Full disk encryption is a baseline now for legal professionals. If you must use portable drives, use your encryption software on them as well. In reality, all computers and drives are portable, which means . . . [more]

Posted in: Legal Technology

“It’s Not Information Overload. It’s Filter Failure.”

Clay Shirky, way back in 2008, had a hypothesis: that it isn’t a case of too much information; it’s that we haven’t yet got the filters to help us manage that overload.

And we have to assume that the amount of information we’re already getting will continue to grow. Which is not necessarily a bad thing. But, if we are to deal with that firehose aimed at our brains, we need to get smarter; because if we don’t we’re just going to get wetter.

When looking for recommendations of where to eat in a new city, for example, . . . [more]

Posted in: Legal Technology

Search Engine Optimization: What Really Works for Law Firms?

Boy oh boy, is this a hotly debated topic – and we happened to attend a very illuminating presentation by Mark Jacobsen, the Senior Director of Strategic Development and Thought Leadership for FindLaw (long position title!). While I am normally somewhat skeptical of FindLaw (after all, they are in the business of selling websites/SEO), Mark did a great job of presenting a study done by FindLaw in a “teaching” rather than a “selling” way.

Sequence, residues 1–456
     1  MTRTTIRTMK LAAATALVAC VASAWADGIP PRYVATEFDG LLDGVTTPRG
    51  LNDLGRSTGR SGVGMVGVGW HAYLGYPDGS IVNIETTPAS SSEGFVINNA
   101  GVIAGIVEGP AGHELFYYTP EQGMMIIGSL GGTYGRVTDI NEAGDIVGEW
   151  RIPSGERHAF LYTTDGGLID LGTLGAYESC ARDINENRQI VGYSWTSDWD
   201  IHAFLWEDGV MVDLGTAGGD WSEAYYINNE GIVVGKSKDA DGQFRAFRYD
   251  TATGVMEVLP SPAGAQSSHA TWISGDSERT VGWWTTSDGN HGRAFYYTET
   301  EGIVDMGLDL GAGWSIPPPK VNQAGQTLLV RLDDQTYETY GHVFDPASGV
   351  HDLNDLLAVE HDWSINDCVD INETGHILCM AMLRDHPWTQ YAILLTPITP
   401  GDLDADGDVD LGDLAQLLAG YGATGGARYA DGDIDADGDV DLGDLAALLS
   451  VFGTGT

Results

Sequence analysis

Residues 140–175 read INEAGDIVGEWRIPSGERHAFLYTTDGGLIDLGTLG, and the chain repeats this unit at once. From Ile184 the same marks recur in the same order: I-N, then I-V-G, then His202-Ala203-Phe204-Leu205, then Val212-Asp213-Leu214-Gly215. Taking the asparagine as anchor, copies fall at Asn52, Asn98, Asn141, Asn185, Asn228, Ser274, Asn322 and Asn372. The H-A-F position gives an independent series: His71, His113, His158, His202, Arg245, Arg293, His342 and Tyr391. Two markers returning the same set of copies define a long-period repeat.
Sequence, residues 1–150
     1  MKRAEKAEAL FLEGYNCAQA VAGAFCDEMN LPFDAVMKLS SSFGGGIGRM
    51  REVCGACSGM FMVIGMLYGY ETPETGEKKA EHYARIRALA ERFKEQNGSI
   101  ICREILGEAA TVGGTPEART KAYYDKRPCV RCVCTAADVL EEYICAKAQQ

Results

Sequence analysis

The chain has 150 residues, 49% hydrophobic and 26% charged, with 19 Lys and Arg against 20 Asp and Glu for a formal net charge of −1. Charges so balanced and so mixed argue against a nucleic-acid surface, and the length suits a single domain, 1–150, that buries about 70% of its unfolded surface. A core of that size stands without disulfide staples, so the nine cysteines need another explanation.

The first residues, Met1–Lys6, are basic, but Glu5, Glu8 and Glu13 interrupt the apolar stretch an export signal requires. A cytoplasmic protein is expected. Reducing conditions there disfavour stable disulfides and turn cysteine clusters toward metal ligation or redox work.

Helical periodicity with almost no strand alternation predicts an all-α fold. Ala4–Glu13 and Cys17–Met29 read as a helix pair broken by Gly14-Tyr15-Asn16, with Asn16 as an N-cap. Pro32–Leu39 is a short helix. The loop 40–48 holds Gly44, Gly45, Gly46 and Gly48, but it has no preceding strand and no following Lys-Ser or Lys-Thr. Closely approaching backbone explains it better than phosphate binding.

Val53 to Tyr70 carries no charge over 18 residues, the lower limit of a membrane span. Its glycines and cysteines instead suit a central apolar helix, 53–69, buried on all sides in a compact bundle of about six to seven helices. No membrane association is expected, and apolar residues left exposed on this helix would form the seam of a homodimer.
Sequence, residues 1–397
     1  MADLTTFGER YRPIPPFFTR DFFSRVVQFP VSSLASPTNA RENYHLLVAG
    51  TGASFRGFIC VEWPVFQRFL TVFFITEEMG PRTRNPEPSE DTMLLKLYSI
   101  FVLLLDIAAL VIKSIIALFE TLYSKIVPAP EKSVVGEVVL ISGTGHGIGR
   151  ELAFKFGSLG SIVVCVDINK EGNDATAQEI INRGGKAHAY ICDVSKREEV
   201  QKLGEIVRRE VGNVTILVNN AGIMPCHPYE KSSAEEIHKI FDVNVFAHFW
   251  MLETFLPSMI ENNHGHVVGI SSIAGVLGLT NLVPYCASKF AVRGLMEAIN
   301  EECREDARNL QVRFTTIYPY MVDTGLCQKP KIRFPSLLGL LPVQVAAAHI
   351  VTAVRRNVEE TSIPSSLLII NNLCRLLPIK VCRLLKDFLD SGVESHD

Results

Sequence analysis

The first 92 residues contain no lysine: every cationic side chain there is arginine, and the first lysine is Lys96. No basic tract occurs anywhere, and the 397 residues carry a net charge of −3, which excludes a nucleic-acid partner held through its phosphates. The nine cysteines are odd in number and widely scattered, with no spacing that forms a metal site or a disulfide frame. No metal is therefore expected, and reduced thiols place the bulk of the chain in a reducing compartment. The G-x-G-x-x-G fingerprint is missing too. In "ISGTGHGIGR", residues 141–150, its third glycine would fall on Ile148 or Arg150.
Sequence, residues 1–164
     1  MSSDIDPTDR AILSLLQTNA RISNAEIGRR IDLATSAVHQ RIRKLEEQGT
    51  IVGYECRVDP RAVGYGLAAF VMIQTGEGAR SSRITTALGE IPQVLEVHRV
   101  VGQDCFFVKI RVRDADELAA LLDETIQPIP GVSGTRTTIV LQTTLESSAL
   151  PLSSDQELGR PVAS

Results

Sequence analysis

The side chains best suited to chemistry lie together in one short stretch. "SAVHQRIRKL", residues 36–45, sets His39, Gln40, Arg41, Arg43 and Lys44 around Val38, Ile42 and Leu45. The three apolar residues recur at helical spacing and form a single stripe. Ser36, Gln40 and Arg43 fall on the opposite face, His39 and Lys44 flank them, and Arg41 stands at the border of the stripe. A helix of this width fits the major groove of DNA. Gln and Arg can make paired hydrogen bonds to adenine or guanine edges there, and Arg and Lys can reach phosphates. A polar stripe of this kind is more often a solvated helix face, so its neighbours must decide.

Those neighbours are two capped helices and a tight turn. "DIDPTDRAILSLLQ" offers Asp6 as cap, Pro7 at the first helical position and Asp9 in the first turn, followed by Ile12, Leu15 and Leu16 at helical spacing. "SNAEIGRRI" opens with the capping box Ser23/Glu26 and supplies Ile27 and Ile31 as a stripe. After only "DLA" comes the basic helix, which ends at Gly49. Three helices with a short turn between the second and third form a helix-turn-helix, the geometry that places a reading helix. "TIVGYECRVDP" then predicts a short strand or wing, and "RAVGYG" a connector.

His presentation was entitled “The Futility of Chasing Silver Bullets: An Analysis of Aggregate Search Performance for Law Firm Websites.” They apparently like long titles at . . . [more]

Posted in: Legal Technology

Search You

Lawyers want to find information quickly. I often hearken back to now-increasingly dated LexisNexis workplace productivity surveys – 2008 and 2010 – for data on this need. Desktop search periodically raises its profile as one of the tools that lawyers can use. Vivian Manning and Catherine Sanders Reach have both taken a look at some of the tools commonly discussed in legal circles and they provide a good short list of products to review.

We had a recent need for a simple tool to roll out to a small group of researchers and decided to take a look at desktop . . . [more]

Posted in: Legal Technology

Wings for the Mind

Interest is returning to the potential of expert systems or knowledge-based systems in law. This is in part due to the increased capabilities of machines at a time when the business of law is undergoing dramatic change. It comes with the obligatory “us vs them” talk of lawyers work being taken over by machines that learn. While I have always found the binary thinking of computers attractive compared to some legal reasoning, in this case, an either/or approach is too blinkered.

Hence, I recently tweeted rather cryptically for the sake of brevity: Tools, like lawyers, imperfect alone, hence need each . . . [more]

Posted in: Legal Technology